Milky Chance is Listening to Britney, Whitney (The Diva), and Whitney (The Band)

Published November 13, 2019

Photo by Anthony Molina.

This is “Add to Queue,” our attempt to sort through the cacophony of music floating in the algorithmic atmosphere by consulting the experts themselves. Our favorite musicians tell us about their favorite music—the sad, the happy, the dinner party-y, the songs they want played at their funeral. In this edition, we chat with the two minds that make up the German electric folk-pop group Milky Chance, Clemens Rehbein and Philipp Dausch, in anticipation of their upcoming album Mind the Moon. Here, the pair talks great driving albums, good recording studios, and very, very bad karaoke. 

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JADIE STILLWELL: I just got to listen to the new album, and it was great. How would you say it’s different from your other two releases?

CLEMENS REHBEIN: There are a lot of differences. How we started recording it was different because, for the first time since we started Milky Chance, we had taken a break from touring. No shows, no nothing. And so we could really focus on being creative again and getting back into the studio, diving into the process, and having nothing else on our minds. We also recorded this album with breaks in between. We decided to record it in different studios and different places because we wanted to get inspired by different instruments and studios. We just wanted to get affected by our surroundings. We started in our home studio. Then we took a break, then we continued in a studio in Italy for two weeks and took another break and then had another two weeks in Norway. So we just took more time to really get into it, which was nice.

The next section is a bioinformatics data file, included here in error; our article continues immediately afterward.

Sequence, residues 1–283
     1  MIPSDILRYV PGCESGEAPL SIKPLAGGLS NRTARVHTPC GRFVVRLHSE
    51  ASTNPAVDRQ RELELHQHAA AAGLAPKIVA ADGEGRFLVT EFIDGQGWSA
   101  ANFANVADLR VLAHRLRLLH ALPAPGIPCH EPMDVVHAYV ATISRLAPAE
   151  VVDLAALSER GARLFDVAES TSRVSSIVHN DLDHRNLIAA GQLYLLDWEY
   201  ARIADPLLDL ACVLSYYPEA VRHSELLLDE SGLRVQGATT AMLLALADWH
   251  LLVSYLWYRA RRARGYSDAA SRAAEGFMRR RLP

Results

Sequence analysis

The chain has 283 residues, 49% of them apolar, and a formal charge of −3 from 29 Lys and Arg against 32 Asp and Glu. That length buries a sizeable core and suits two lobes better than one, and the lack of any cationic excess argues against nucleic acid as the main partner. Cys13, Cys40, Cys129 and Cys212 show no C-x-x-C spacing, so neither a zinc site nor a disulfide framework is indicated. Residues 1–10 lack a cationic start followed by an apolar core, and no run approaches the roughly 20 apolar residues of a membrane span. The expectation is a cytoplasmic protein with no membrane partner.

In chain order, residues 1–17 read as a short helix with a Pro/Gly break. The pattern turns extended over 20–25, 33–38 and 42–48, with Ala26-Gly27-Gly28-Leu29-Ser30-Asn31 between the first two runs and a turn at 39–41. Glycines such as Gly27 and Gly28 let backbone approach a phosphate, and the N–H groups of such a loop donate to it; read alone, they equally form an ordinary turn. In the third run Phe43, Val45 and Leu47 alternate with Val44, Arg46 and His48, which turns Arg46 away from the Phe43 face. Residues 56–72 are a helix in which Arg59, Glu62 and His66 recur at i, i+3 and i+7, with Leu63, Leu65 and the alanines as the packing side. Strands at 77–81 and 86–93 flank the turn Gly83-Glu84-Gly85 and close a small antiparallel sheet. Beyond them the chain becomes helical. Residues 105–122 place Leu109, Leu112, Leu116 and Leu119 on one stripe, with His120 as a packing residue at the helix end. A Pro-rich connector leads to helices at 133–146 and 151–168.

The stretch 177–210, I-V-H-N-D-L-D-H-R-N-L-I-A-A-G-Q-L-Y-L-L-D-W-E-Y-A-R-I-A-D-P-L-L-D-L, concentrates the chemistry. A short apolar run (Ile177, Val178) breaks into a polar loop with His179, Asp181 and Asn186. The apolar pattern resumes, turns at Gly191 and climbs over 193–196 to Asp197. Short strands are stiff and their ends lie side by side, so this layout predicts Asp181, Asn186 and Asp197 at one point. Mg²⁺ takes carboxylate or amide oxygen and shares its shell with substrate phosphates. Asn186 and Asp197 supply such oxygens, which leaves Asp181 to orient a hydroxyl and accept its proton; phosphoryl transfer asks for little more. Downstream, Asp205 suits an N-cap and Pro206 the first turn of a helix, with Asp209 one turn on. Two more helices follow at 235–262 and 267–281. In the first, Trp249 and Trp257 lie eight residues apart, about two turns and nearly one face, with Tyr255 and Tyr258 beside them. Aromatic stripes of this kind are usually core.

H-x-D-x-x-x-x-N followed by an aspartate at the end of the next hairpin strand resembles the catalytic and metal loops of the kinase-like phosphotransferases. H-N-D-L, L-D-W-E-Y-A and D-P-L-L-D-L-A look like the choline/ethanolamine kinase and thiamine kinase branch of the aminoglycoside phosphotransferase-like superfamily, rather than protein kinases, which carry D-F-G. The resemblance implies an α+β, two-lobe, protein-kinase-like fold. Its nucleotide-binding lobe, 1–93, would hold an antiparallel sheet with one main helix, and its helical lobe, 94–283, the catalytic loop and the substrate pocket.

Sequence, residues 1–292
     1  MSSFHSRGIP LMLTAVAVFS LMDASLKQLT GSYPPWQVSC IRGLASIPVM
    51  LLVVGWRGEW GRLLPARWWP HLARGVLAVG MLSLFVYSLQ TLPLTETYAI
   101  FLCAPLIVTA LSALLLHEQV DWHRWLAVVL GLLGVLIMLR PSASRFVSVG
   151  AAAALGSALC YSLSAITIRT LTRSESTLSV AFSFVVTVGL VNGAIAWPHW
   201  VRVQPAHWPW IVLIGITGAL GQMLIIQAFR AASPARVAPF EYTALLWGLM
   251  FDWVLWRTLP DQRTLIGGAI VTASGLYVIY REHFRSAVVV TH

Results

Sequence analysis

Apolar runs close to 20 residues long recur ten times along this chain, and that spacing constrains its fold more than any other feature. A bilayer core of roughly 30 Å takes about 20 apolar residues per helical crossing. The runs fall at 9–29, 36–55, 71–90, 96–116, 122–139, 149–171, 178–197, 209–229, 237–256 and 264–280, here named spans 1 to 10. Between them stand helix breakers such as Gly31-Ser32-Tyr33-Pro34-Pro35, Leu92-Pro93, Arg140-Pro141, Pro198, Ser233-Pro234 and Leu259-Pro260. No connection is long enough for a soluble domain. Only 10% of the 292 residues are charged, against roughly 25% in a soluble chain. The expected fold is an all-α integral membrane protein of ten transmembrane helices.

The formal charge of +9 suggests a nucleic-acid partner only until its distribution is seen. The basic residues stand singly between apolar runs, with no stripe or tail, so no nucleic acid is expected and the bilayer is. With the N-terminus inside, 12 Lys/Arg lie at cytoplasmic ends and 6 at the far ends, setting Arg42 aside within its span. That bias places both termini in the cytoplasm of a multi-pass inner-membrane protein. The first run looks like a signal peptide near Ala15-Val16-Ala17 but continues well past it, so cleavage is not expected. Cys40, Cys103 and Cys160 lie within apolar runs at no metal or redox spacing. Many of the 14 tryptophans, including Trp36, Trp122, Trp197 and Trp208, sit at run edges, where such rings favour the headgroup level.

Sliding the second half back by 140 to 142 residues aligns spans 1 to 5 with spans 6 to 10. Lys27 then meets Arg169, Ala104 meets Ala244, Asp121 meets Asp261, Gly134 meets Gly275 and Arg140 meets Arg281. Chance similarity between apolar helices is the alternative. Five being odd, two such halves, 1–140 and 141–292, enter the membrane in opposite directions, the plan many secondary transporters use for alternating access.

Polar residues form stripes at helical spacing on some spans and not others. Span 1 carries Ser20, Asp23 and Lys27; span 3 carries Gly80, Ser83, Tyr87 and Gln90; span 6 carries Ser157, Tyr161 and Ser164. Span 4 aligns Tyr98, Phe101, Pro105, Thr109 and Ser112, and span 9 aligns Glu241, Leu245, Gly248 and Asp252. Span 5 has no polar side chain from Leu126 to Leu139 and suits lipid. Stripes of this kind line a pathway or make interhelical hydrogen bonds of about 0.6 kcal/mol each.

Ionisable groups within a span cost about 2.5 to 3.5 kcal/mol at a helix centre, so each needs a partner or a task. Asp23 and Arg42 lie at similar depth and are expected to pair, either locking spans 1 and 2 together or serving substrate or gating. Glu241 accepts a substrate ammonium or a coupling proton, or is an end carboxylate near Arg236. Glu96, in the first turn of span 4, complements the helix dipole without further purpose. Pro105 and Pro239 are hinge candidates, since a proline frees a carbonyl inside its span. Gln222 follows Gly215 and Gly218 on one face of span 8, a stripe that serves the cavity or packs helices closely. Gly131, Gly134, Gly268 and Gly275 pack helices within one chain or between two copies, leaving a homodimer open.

STILLWELL: Did you have a favorite studio that you recorded in?

PHILIPP DAUSCH: I think the last one, in Norway, was quite significant. The place was right next to the ocean. So you could see the water basically all day long, no matter what you did. That really had an effect on us. 

STILLWELL: There’s actually a lot of talking about the ocean and the moon on the album. How did you feel like those ideas or images were influencing you?